Solar Power

Net energy metering 2.0 coming soon to California

The article was reposted with permission from Run on Sun. Subscribe to the California installer’s monthly newsletter.

Run on Sun has written at some length about how Net Energy Metering (NEM) works and about the upcoming changes–NEM 2.0. While both PG&E and SDG&E have already switched to the 2.0 version, SCE customers are still able to go solar under the existing, more favorable rules, but not for much longer. It’s important to note that PWP and LADWP customers are unaffected by this change, so the following is only relevant to SCE customers.

Here’s an update as we dive headlong into the brave new world of NEM 2.0.

Timing of the change

Under the rules adopted by the California Public Utilities Commission (CPUC), SCE must continue to allow new customers to operate under the current NEM 1.0 rules, until either of the following events occur:

  1. SCE reaches its NEM 1.0 cap of 5% of net aggregate demand, or
  2. We reach the deadline date of July 1, 2017.

As of this writing, SCE is still a full percentage point below its cap, with 480 MW worth of solar to install before the cap is reached. That’s not likely to happen before the end of June, so the deadline to get in on the current rules is 11:59 p.m. on June 30, 2017.

But here is the rub—to qualify, not only must the project have been completed, but a final, signed-off inspection card must also be submitted to SCE prior to the deadline. This is going to make June a difficult month as installers struggle to get projects completed and approved in time. Since approvals are at the whim of individual inspectors, it is difficult to guarantee that a project will be approved on first inspection.

Prudent consumers will want to make sure that first inspection occurs on or before June 15.

Key differences

Although NEM 2.0 is not the crushing blow to solar that some feared it might become, it still has a number of aspects that make it less appealing to the solar system owner. Here are the major differences:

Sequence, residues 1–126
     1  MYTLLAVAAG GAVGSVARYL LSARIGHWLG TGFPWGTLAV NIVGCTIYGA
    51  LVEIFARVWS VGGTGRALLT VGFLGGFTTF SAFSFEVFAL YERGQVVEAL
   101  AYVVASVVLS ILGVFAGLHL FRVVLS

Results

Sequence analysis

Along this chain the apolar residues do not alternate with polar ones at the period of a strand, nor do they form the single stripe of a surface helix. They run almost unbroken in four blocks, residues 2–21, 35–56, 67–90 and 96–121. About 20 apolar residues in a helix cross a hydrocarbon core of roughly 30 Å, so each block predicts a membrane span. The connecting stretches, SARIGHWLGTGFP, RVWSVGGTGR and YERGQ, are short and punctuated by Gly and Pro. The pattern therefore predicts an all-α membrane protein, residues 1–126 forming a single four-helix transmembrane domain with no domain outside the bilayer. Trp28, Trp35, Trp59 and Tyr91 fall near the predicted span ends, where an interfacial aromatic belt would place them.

1. New Interconnection Fee—Presently, it doesn’t cost anything to connect to SCE’s grid. NEM 2.0 changes that and imposes a one-time charge of $ 75.
  2. Imposition of Nonbypassable Charges (NBCs)—Under existing rules, if the credits generated by exporting power to the grid equal or exceed the charges incurred for energy imported, the energy charges are zeroed out (or even a credit is carried forward, if exports exceeded imports). Under NEM 2.0, for every kWh imported from the grid, whether it can be netted out, there are NBCs charged for that energy. The good news is that this is just about 2.2¢/kWh, and it does not apply to solar energy consumed locally, but it does still decrease the savings from solar.
  3. Mandatory Time-of-Use (TOU) Rates—Presently, residential customers on an SCE tiered rate before adding solar remain on that rate after interconnection. NEM 2.0 changes and forces new solar customers to shift to a TOU rate. SCE’s TOU rate charges the most for energy consumed from 2 to 8 p.m., meaning that energy exported to the grid before 2 p.m. (as many solar systems do) is less valuable to the consumer than the energy they have to import from the grid in the evening after the solar system is no longer producing.

(Unintended?) Consequences of NEM 2.0

The coming of NEM 2.0 has some obvious consequences—there will be a crush this spring to get projects approved before the new rules take effect (so don’t wait!), and the overall savings from going solar will be reduced, although not dramatically so.

But there are some unintended consequences as well. For one, these new rules will be a boon for intelligent storage systems, both to help reduce NBCs and to shift that otherwise exported energy to peak TOU periods. Storage systems with the “smarts” to do all that will suddenly make economic sense–think AC batteries.

Another unintended consequence is the significantly increased difficulty in properly modeling the savings derived from adding solar. While some installation companies use sophisticated software like EnergyToolbase (as Run on Sun does) or build out sufficiently detailed spreadsheet models (as Run on Sun also does), for many, that level of complexity is simply overwhelming. So what will they do? More than likely, they’ll create a number that is little more than a wild guess.

Therefore, potential solar clients should push companies providing them with solar quotes to justify their savings numbers. Be wary of numbers, especially outliers that claim greater savings without sufficient documentation.

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